Alternative Editorial: Are Global Eyes Wide Open?

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By Indra Adnan, Co-initiator of The Alternative UK

Most people know global think tank Chatham House for its famous ‘Rules’ – stipulating that nothing that’s said within its portals can be repeated outside. In ordinary meetings up and down the country, people murmur “Chatham House Rules” and instantly the space is made secure.

But as is often the case with practices passed between institutions, some of the intention behind those rules is easily lost. As Director, Dr Robin Niblett said at the opening of this year’s annual London conference, because of the popular understanding of their “Rules”, many people think of Chatham House as a closed culture. Whereas the real purpose of their Rules is to give participants the confidence that they can speak openly and honestly, without the dangers of being misquoted.

This is an exciting prospect, when so many of the participants at their conferences are national and global leaders. Expositors of the Chinese Dream and Saudi Princes are often challenged directly by Directors of non-governmental organisations (NGOs) or students of international relations. Having said that, it’s always a formal setting. Conversations are conducted with heavy doses of British reserve, in the language and style of international diplomacy.

So I was reasonably excited when Robin opened this year’s London conference with an act of culture change. For the first time we were invited to be active participants, introducing ourselves to the people sitting to the left and right of us, sharing our hopes for the next two days.

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He shared a word cloud (left) derived from responses to online questions in the lead up to the event. And invited us to use, a means of posting questions to the Chair in the course of the event.

Did it signify some new awareness of a world beyond the elites usually gathered there? One or two of the titles of sessions pointed at that possibility: “Good governance: best practice for a variegated world” or “How are political elites engaging with their publics?” Were we going to be grappling with new ways for those gathered to get connected to the global zeitgeist?

I was first invited to this gathering three years ago as Director of the Soft Power Network  having written a number of papers and articles about the rise of what Joseph Nye calls non-state actors. As I understood it, the state was steadily losing its ability to control geopolitical outcomes. Small groups of very active people could mobilise millions of others, at next to no cost, objecting to any state’s monopoly on ideas. Some of these are clearly malign – terrorists groups like IS, or those who manipulate social media with data sets, like Cambridge Analytica.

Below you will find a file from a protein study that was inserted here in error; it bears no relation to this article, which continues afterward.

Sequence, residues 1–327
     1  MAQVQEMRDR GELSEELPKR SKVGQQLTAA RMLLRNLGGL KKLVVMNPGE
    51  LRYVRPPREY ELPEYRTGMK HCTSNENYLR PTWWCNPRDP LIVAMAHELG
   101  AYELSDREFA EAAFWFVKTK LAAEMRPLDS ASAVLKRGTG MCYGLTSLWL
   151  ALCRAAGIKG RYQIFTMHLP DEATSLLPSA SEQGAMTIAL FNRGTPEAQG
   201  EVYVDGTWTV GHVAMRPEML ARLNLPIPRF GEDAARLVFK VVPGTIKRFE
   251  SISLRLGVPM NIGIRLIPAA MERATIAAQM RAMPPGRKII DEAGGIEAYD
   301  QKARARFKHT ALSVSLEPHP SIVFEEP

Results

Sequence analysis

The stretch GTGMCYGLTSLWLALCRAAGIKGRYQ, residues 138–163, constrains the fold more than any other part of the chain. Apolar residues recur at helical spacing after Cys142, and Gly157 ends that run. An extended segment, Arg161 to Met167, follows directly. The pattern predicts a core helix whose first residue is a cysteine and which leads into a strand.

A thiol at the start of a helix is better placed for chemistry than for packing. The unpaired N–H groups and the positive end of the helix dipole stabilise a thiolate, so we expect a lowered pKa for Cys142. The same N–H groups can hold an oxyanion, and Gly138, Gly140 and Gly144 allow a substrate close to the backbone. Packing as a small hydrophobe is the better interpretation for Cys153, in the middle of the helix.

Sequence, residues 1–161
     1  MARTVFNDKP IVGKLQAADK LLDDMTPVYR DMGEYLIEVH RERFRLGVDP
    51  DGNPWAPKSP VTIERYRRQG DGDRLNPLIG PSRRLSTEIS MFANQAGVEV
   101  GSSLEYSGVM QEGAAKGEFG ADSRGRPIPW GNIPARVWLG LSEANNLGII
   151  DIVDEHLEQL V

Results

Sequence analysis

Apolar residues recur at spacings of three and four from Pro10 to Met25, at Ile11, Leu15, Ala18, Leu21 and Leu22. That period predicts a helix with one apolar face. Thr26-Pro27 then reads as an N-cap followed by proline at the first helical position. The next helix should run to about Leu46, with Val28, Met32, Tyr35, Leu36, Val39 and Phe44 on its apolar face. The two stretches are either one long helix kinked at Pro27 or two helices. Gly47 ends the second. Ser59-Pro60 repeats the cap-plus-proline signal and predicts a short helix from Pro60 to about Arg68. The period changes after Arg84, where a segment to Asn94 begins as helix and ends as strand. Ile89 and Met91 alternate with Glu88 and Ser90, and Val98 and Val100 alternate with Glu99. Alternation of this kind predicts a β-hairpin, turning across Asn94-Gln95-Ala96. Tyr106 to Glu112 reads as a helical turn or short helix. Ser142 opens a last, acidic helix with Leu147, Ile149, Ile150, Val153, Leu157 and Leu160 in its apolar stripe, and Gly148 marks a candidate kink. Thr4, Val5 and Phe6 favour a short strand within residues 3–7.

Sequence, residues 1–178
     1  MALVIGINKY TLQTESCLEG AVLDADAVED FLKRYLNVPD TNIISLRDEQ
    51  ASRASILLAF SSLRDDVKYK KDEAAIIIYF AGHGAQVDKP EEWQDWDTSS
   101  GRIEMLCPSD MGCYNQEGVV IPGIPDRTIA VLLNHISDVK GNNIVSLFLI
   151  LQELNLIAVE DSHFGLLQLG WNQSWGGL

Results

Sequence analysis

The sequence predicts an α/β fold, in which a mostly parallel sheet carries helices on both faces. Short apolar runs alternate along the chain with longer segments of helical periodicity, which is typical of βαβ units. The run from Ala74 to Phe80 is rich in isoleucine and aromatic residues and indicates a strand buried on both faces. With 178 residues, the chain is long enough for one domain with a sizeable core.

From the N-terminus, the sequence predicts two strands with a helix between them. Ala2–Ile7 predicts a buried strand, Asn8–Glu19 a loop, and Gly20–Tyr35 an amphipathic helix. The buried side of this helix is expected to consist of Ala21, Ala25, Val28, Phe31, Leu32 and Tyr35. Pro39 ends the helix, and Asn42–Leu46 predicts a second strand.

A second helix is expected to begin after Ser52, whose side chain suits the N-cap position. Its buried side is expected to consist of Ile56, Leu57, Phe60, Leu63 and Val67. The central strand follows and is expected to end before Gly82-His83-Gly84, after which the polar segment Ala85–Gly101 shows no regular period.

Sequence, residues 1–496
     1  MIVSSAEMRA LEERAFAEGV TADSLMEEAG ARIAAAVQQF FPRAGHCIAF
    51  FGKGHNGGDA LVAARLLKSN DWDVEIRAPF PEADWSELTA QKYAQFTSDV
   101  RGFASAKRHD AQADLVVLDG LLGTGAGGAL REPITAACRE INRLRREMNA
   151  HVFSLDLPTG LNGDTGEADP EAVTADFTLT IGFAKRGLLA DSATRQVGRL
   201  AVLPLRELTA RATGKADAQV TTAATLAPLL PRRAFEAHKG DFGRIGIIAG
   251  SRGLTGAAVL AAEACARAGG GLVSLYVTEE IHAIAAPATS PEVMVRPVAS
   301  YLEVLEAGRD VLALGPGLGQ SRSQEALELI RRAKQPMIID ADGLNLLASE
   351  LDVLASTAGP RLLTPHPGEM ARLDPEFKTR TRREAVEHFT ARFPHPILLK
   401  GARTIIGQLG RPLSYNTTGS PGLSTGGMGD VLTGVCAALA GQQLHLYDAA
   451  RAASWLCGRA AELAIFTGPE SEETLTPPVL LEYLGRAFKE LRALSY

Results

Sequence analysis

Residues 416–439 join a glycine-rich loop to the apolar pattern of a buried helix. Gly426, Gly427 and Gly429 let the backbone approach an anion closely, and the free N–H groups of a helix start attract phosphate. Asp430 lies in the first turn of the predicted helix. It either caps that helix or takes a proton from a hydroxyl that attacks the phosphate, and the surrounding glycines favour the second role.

But others are benign - in that they are helping people who feel powerless in the face of global institutions and corporations to experience a sense of agency for the first time. This would range from those early adapters to the potential of the internet, like Avaaz - who created petition sites to get people participating, in a minimal way, by ticking boxes. They now have 45 million members and counting. Or Occupy, who were able to co-ordinate, amplify and publicise their very physical actions across eighty countries on a single day.

More recently, new, experimental political parties have arisen from these democracy movements, from Spain’s Podemos to Italy’s Five Star or Iceland’s Pirate Party. One might even link the election of Indonesia’s President Jokowi with this development – since Twitter played an important part in helping this ‘wild card’ reach out across 13,000 islands. Each of them with a different idea of the relationship between government and communities.

But not everyone likes the outcomes of this kind of activity, maybe because it rocks the status quo so viscerally. Few are open to the process and time it would clearly take to bring people’s voices on stream – whether through ideas like liquid democracy or more deliberative processes - in a way that works for a better global democracy. To the governors and administrators, it looks like chaos. Aside from the new political parties – none of whom can really deliver on their visions of a better democracy while they are obliged to work within the old structures – few politicians seem to grasp the radical nature of what’s on offer, in ways that produce really fertile results.